Missouri Encyclopedia logo

Pedro Joseph Piernas, the first Spanish lieutenant governor in St. Louis, occupied that post between 1770 and 1775. He was born in San Sebastian, Spain, in either 1728 or 1729 and came to Louisiana with Governor Antonio de Ulloa in 1766 as a captain in the Spanish army. The following year Ulloa sent Captain Francisco Ríu and a contingent of Spanish soldiers to the Illinois Country with instructions to build military fortifications at the junction of the Missouri and Mississippi Rivers. When trouble erupted at the outpost on the Missouri and some of Ríu’s men deserted, Ulloa named Piernas to replace Ríu as commandant of Upper Louisiana.

Ulloa dispatched Piernas to take charge of Fort Don Carlos, but late in 1768 rebels seeking to reinstate French authority in New Orleans forced Ulloa to flee to Cuba. Before Ulloa departed he sent new orders to Piernas, instructing him to withdraw from Upper Louisiana after delivering Fort Don Carlos to the former French commandant in St. Louis. Piernas reached the Missouri River installation in March 1769 only thirteen days before he received Ulloa’s directive to evacuate. He withdrew from the fort immediately but tarried in nearby St. Louis for nearly a month while attempting to settle disputed government accounts with local merchants. Piernas headed downriver in late April and arrived in New Orleans in May. He and his men sailed for Havana in July, the last Spanish soldiers to leave the province in the aftermath of the uprising.

The next year a military expedition headed by Lieutenant General Alejandro O’Reilly reestablished Spanish authority in Louisiana. After taking charge in New Orleans, O’Reilly solicited information about conditions in Upper Louisiana from Captain Piernas, who had returned from Cuba. Although Piernas had been in Upper Louisiana only briefly, his detailed report offered an optimistic assessment of the region’s potential. In early 1770 O’Reilly took steps to place Upper Louisiana under full Spanish control by appointing a lieutenant governor to direct operations in St. Louis. He selected Piernas for the newly created post and granted him broad powers for maintaining order, administering justice, regulating trade, and managing Indian affairs.

In New Orleans, Piernas had married Fecilite Robineau de Portneuf, and she joined him in St. Louis, where she gave birth to at least two children. After he assumed control in St. Louis in May 1770, the new lieutenant governor moved quickly to solidify popular support behind the Spanish regime. Among other things he allayed local anxieties by publicly affirming the land titles granted by his French predecessor.

Piernas also solicited advice from influential French residents, especially concerning the management of Indian affairs, a task that he quickly discovered commanded a disproportionate share of his time. Piernas was a quick learner. When the Indians initially misinterpreted his reserved and dignified bearing as a sign of unfriendliness, he wisely copied the French practices of feasting and giving gifts to help win them over.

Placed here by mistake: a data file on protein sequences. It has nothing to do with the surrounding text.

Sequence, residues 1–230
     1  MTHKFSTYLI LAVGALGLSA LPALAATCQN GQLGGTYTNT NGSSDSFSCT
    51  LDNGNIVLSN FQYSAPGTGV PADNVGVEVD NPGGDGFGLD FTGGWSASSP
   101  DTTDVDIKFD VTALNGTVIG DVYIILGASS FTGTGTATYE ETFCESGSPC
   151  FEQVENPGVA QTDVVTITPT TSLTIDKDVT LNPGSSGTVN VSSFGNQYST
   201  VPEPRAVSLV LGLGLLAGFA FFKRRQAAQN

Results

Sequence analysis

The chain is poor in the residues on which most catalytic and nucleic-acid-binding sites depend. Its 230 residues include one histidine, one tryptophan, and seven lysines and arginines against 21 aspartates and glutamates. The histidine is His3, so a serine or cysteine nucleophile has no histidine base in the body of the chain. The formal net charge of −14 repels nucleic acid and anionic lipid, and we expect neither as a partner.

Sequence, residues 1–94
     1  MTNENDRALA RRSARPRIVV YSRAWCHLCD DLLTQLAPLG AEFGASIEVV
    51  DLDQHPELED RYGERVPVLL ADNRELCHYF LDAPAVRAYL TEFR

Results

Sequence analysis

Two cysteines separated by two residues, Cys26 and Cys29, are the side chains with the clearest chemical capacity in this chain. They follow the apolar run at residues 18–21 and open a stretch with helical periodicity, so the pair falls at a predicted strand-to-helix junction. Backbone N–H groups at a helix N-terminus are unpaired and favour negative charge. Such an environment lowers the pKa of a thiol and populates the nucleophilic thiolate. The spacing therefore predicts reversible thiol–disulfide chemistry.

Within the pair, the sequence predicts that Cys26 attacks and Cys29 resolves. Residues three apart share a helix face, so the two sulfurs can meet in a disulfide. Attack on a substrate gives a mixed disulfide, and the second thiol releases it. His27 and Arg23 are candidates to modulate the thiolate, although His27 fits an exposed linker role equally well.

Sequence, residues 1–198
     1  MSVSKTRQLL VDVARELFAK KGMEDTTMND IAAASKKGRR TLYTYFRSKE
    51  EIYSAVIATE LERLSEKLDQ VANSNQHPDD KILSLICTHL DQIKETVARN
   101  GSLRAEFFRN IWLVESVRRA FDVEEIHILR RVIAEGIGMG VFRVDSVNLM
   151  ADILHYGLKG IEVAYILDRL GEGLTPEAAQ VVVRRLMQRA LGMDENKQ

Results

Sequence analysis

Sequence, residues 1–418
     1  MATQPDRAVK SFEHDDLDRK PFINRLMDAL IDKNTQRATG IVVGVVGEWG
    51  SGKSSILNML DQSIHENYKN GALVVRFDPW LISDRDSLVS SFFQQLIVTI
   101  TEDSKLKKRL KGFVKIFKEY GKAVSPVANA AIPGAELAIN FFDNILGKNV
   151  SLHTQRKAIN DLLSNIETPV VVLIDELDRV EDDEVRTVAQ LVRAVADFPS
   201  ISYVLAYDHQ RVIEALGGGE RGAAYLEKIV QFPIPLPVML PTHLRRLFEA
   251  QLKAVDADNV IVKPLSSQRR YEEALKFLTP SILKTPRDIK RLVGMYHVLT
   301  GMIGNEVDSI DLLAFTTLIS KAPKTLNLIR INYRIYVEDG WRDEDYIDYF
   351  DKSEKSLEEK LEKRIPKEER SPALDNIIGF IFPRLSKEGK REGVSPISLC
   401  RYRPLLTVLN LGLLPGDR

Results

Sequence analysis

Piernas found the Osage especially vexing. He favored trade sanctions for bringing errant tribes to terms but soon discovered the shortcomings of that strategy. When Piernas refused to send Spanish-­licensed traders to their villages, the Indians simply sought British replacements. In 1772 Canadian trader Jean Marie Ducharme secretly crossed the Mississippi and headed up the Missouri with merchandise for the Indian trade. Piernas learned of Ducharme’s illicit activities and dispatched a militia company, under the command of Pierre de Laclède, to capture the trading party and seize its goods. They managed to intercept the expedition, but Ducharme escaped his captors and fled to Canada. Even so, Piernas had acted decisively to uphold Spanish authority in the region.

By all accounts, during his five-year stint as Upper Louisiana’s lieutenant governor, Piernas proved a good soldier and a competent administrator who served his king well. On April 24, 1775, he relinquished control in St. Louis to his successor, Francisco Cruzat.

Piernas returned to New Orleans and was assigned to the headquarters staff, where he steadily advanced in rank. In subsequent years when the governor­-general was away from the capital, Piernas occasionally served as Louisiana’s acting governor. In 1785 he attained the rank of colonel and was named commander of the Louisiana Regiment, a fitting climax to a distinguished career in Spanish service. The date and place of his death are unknown.

This article was first published in Lawrence O. Christensen, William E. Foley, Gary R. Kremer, and Kenneth H. Winn, eds., Dictionary of Missouri Biography (Columbia: University of Missouri Press, 1999), and appears here by permission of the author and original publisher.

Further Reading

Cleary, Patricia. The World, the Flesh, and the Devil: A History of Colonial St. Louis. Columbia: University of Missouri Press, 2011.

Din, Gilbert C., and Abraham P. Nasatir. The Imperial Osages: Spanish-Indian Diplomacy in the Mississippi Valley. Norman: University of Oklahoma Press, 1983.

Foley, William E. The Genesis of Missouri: From Wilderness Outpost to Statehood. Columbia: University of Missouri Press, 1989.

Nasatir, Abraham P. “Ducharme’s Invasion of Missouri: An Incident in the Anglo-Spanish Rivalry for the Indian Trade of Upper Louisiana.” Missouri Historical Review 24, no. 1 (1929): 3–25.

Published July 14, 2020; Last updated July 8, 2023

Rights Statement

Creative Commons Attribution-NonCommerical-ShareAlike 4.0 International (CC BY-NC-SA 4.0)